To attract capital and secure the development of a domestic renewables industry, offshore wind will require a form of feed-in tariff in the initial phase. The larger the scale and the greater the visibility on the regulation side, the lower the tariff can be. However, there is no way around the fact that the first movers will require incentives from government to develop the industry. Thanks to the government support, the offshore wind power costs have fallen dramatically in recent years in the UK. In the latest auction, prices dropped 5.8%, and is a quarter of the current spot price.

Developing the domestic offshore wind industry will require upgrades of not only the national grid, but also the country’s ports, domestic shipping capabilities, sea-traffic management and much more — all with a keen eye to protect the rich and beautiful underwater environment surrounding the Philippines. In addition to Department of Energy and Department of Environment and Natural Resources, the Maritime Industry Authority and the Philippine Coast Guard should also be involved.

Support from the local government is also crucial to the success of offshore wind. From a regulatory and political perspective, they are an essential enabler in ensuring everything is in place to succeed. National, provincial, and municipal governments must work together to harmonize regulations.

With the build-out of offshore wind comes the need to take care of the aquatic life around the infrastructure. It requires research and mapping of the biodiversity and the migratory routes for aquatic life and birds. This enables the offshore developers to deliver the projects in a responsible and sustainable manner.

When it comes to the local fisheries in the Philippines, we see some clear advantages connected to offshore wind. While the construction period for the offshore structures may reduce catch levels temporarily, the large number of structures installed act as artificial reefs and can help boost biomass generation in the project areas.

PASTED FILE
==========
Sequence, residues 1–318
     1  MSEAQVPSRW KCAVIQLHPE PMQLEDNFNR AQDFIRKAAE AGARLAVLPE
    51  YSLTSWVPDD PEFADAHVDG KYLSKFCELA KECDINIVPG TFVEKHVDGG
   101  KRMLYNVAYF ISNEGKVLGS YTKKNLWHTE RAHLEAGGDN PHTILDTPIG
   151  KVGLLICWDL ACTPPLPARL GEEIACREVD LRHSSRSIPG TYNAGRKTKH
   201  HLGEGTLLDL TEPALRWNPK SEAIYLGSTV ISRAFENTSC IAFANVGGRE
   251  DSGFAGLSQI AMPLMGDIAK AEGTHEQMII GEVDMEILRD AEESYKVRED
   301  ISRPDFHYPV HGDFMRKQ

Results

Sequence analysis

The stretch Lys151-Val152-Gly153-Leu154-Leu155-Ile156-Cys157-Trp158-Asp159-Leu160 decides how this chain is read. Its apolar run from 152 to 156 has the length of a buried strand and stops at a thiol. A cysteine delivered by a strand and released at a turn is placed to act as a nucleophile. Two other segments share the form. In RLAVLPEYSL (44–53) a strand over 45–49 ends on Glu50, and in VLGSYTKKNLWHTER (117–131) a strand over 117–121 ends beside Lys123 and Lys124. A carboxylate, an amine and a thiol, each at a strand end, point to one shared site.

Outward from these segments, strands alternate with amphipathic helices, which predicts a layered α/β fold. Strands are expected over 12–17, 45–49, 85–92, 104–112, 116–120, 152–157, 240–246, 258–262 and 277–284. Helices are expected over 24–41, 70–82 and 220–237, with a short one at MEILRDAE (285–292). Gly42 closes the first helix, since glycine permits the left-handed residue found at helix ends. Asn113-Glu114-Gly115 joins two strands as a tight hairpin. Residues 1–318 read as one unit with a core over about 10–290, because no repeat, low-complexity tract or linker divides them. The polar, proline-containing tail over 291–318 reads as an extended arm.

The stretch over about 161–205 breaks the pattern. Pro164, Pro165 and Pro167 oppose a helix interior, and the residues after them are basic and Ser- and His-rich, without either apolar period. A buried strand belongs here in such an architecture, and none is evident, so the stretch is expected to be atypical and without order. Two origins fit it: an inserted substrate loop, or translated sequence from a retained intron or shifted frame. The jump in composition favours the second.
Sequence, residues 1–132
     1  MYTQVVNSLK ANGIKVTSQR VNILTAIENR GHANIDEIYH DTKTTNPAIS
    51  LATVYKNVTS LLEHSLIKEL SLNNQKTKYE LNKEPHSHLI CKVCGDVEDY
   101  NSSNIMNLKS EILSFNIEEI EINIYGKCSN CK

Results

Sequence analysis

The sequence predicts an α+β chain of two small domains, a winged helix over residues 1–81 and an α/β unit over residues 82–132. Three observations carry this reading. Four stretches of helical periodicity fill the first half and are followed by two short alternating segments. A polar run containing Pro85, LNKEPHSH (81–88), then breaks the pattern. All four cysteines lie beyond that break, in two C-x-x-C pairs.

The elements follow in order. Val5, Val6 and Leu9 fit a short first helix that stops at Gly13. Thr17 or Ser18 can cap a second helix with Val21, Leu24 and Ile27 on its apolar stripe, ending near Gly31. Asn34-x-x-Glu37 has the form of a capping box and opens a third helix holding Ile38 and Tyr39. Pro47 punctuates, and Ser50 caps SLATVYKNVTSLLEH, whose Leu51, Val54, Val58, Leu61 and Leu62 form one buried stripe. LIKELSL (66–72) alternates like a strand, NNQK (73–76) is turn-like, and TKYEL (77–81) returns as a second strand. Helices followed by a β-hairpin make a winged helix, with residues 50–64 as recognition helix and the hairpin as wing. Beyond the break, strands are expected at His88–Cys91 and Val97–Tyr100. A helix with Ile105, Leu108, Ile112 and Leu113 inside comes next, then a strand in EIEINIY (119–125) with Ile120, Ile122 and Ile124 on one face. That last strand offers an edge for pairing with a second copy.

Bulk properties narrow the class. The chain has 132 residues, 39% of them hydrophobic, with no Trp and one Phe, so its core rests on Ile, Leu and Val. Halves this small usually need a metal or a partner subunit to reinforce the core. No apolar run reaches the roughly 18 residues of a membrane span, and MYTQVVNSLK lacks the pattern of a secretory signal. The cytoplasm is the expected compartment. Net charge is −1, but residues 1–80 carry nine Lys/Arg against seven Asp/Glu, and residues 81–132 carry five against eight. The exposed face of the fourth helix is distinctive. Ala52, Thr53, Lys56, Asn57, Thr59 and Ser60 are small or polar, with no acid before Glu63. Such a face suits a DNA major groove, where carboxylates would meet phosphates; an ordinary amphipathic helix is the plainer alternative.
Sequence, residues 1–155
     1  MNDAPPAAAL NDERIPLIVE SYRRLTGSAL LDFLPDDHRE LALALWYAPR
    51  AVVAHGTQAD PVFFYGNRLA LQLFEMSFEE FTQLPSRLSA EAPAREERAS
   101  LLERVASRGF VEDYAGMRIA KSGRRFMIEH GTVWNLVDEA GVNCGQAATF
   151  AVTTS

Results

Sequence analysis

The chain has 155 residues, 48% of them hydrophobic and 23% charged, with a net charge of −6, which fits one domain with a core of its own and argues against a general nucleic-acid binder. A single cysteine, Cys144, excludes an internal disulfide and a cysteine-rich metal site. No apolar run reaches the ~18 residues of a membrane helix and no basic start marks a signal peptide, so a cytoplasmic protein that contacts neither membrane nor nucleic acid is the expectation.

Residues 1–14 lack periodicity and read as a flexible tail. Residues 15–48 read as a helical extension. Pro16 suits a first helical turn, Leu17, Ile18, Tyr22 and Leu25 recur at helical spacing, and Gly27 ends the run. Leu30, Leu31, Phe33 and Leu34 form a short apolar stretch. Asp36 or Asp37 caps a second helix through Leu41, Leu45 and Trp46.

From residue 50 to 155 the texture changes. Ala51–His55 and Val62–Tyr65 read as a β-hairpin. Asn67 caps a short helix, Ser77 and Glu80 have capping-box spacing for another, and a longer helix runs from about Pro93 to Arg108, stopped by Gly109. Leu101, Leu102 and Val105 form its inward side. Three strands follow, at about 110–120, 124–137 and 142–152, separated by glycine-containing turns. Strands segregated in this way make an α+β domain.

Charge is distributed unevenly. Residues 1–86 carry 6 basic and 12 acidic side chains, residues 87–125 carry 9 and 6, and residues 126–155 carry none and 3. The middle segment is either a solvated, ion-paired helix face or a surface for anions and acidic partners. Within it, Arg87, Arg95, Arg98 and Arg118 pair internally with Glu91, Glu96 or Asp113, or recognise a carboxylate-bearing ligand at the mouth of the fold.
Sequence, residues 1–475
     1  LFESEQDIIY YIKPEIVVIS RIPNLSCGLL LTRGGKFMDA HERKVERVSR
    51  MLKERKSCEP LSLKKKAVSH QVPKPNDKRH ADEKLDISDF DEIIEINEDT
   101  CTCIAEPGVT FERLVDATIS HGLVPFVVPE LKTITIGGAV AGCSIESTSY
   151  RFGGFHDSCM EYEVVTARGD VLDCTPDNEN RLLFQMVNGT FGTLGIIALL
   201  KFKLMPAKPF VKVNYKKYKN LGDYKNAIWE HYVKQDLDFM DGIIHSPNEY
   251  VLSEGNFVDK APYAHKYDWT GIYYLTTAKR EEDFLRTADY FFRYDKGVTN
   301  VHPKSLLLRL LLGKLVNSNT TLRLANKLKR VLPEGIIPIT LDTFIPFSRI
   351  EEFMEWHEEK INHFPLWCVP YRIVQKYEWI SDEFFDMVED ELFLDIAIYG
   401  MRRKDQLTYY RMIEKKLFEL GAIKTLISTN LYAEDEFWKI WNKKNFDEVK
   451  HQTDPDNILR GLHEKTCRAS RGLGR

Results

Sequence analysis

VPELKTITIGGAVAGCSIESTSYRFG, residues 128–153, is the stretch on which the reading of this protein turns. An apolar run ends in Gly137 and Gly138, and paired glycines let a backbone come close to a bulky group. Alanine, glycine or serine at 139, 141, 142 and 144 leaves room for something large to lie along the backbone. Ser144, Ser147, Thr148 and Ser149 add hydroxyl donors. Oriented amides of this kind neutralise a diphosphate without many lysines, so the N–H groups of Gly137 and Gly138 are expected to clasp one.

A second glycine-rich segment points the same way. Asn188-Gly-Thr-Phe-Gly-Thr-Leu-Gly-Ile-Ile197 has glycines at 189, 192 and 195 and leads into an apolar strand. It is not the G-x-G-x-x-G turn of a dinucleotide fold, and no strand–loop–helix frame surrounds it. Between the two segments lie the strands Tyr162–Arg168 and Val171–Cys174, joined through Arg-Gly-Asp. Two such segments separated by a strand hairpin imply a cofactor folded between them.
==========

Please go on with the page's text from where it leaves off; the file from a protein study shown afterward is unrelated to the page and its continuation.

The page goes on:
The potential is enormous, but time is of the essence.

The Philippines is a country rich in offshore wind resources. It has a strong maritime legacy. It is home to highly capable local industries. And it’s a country that has long welcomed global partners to help it progress. These factors combined make the Philippines the ideal setting for a thriving offshore wind sector, and the country is well-positioned to extract significant value from this energy resource.

Offshore wind has the potential to put the Philippines on the road to energy independence. We see that a crucial enabler for offshore wind success in the Philippines will be finding the right partners who understand and respect Filipino culture, history, and legacy. The future offshore wind sites will become important infrastructure for the country’s future, and its development must be done in a way that is respectful and profitable for all.

*Global Wind Energy Council, annual report 2021

Torbjørn Kirkeby-Garstad is the General Manager Southeast Asia, Scatec. Scatec has a joint venture with Aboitiz Power: SN Aboitiz, and is aiming to develop 2.4 GW of offshore wind in the Philippines over the coming years.